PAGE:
These considerations prompted us to examine the literature for cases of binary ferrous complexes that are fully LS in solution, preferably in water (Table 2). By studying the broad review by Halcrow on ferrous complexes with multidentate N ligands one may identify several LS-HS duos; for some of them both derivatives were already characterized magnetically, for other duos only one has so far been characterized.57 However, that review also illustrates that rather few hexa-/pentadentate systems do in fact ensure a robust low-spin state and so might be attractive for the present task. Multidentate ligands that give rise to binary low-spin ferrous complexes comprise 1) branched podands, 2) macrocyclic podands, and 3) multicyclic rigid podands (Table 2). Branched podand-based N6-FeII chelates can be subdivided into a) tripodal ligands branched by a single atom, b) alkyl-diamine-based podands, and c) two unique cases with special branching units. Examination of examples entering into category 1 a shows that a simple branched N6 ligand (tptMetame) cannot force the iron center to adopt the LS state if “only” three nitrogen atoms are sp2-configured.60 Only ligands with six imine-type nitrogen atoms have, currently, yielded LS complexes: While Py3tame59 suffers strain (its LS state can thus be considered weak), Py3tren61 exhibits a tendency for decoordination of the pendent arm,70 and so despite the presence of six coordination sites of high ligand field, their suitability for the design of a magnetogenic unit remains limited.
Alkyl-1,2-diamines (category 1 b) lead to intermediate paramagnetism in FeII complexes despite them generally being equipped with four sp2-configured nitrogen atoms;71 they have also been observed to show decoordination of the pendent arm.62 Expansion of the ethylene bridge by one further methylene group reliably leads to low-spin complexes (see Scheme 3, 162 and its HS analogue 2).72 Three ligands were found to belong to category 1 c (unique branched ligands). Only two of them (2,5,8-triazanonene and r-1,c-3,c-5-triaminocyclohexane (tach); 7) caused the corresponding FeII complexes to adopt a LS state, but have the advantage of doing so not only in the solid state but also in solution, including water.41, 63, 64 They exhibit four and three sp2-configured nitrogen atoms, respectively, out of six. For category 2 (macrocyclic podands), it should be mentioned that many phthalocyanine FeII complexes were obtained in the LS state, but as the ligands are tetradentate the octahedral complexes cannot be binary. The rigid planar nature of these N4 macrocyclic ligands precludes the design of N6 derivatives that lead to hexacoordinate, binary FeII complexes. It has been shown that the required chelate ring sizes are simply too large to form. Accordingly, it is not apparent how these types of ligands may be useful in the design of robust magnetogenic probes for use in the solution phase, apart maybe from their synthetically challenging incorporation into a multicyclic system. On the other hand, the tripyridylmethyl derivative of the N3 macrocycle triazanonane (tacn) has led to the preparation of a fully LS FeII complex (three imines/three amines, Scheme 3, 3) in the solid state.65 This LS state is maintained in various aqueous media,73 while the corresponding complex lacking one pyridylmethyl arm74 is of course HS (4).73 The HS and LS versions were shown to be visible and invisible, respectively, in MR images of a live mouse.75 As we shall see in Section 4.3, this system can be effectively transformed into two types of magnetogenic probes that respond to various chemical stimuli. A reported bicyclic N5 ligand can be assigned to category C. Its dark-red ternary ferrous complex (5) was recrystallized from acetonitrile and proved to be LS in the solid state.66 The sixth coordination site was occupied by an acetonitrile ligand. No hexadentate ligand or its corresponding complex has yet been reported, but there is no reason why this system may not also serve as a promising target for the design of a robust magnetogenic probe by the introduction of another pendant arm (5). We recently reported new N6 members for category C, namely two bicyclic, rigid, and hexadentate ligands of the unique class of the bispidines (Scheme 3).67b Multidentate bispidines have previously been reported to form highly stable complexes.76 We prepared new bispidine ligands that led to the discovery of the first two binary LS FeII chelates (9) for this large class of bicyclic structures. Their LS nature and high stability was confirmed in water and organic solvents at ambient temperature, and their magnetism was explored exhaustively.67b Simple removal of one coordinating arm leads to a fully HS system in water (10; 5.0 μB).67 A new robust off-on duo of ferrous complexes in aqueous media at room temperature has thus become available. While macrocyclic as well as bicyclic ligands (categories 2 and 3) may generally require significantly higher synthetic efforts, it is important to note that the reported hexadentate bispidine ligands can be efficiently prepared on a 10 gram scale.67b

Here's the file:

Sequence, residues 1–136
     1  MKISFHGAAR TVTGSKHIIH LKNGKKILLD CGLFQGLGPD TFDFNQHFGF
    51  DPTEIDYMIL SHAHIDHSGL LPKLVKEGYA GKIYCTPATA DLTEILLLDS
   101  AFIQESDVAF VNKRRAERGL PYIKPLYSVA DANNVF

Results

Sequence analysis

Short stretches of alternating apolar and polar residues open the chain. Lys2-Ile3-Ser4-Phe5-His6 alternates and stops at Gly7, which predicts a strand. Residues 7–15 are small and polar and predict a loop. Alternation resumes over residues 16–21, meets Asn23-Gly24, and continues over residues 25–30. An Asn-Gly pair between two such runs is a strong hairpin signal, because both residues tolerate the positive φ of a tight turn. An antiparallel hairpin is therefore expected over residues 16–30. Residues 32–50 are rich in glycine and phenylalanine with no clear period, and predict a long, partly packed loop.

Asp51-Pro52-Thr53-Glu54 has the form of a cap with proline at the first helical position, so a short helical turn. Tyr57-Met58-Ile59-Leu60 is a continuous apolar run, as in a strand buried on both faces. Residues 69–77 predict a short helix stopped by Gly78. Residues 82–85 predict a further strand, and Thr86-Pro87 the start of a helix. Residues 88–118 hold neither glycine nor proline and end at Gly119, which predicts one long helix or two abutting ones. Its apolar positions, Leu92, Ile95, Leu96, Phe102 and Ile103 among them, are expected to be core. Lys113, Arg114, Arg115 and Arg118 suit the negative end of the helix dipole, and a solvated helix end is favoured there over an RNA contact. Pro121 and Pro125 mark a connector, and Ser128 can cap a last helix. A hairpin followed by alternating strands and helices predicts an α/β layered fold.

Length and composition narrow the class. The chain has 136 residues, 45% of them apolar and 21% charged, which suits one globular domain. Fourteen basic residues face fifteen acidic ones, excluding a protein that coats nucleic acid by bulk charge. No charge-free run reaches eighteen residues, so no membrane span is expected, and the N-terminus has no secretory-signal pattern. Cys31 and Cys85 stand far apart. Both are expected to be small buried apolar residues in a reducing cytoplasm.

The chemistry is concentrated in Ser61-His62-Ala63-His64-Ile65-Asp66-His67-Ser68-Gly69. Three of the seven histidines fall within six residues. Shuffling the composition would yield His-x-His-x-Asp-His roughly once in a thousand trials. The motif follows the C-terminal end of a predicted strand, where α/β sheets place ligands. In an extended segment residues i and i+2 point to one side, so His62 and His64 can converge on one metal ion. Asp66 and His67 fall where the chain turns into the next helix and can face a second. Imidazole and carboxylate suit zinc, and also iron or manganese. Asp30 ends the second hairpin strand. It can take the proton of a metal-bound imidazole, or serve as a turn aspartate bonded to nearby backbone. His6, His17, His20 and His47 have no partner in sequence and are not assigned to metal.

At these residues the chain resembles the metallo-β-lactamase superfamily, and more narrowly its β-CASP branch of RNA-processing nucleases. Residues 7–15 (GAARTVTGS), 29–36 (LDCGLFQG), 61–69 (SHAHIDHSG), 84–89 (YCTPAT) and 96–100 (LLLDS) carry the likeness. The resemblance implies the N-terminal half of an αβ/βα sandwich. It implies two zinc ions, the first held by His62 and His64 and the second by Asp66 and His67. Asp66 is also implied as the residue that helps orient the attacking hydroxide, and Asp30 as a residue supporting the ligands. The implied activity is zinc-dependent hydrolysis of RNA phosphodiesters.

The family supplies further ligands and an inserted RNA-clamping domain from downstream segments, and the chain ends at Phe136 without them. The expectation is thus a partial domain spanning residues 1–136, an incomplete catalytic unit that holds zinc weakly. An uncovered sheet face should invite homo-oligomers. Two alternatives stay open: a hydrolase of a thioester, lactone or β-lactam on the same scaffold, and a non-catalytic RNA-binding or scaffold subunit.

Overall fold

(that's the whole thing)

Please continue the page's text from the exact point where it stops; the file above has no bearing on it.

In conclusion, this literature survey reveals that binary LS FeII complexes are not that numerous after all. It also teaches us that simple branched N6 ligands do not appear to impose a LS state if they do not exhibit more than three imine-type coordination sites. For this reason, and for reasons of solution stability, macrocyclic or bicyclic N6 ligands should be preferred. Some of the promising LS-HS duos for the design of a putative magnetogenic probe are presented in Scheme 3.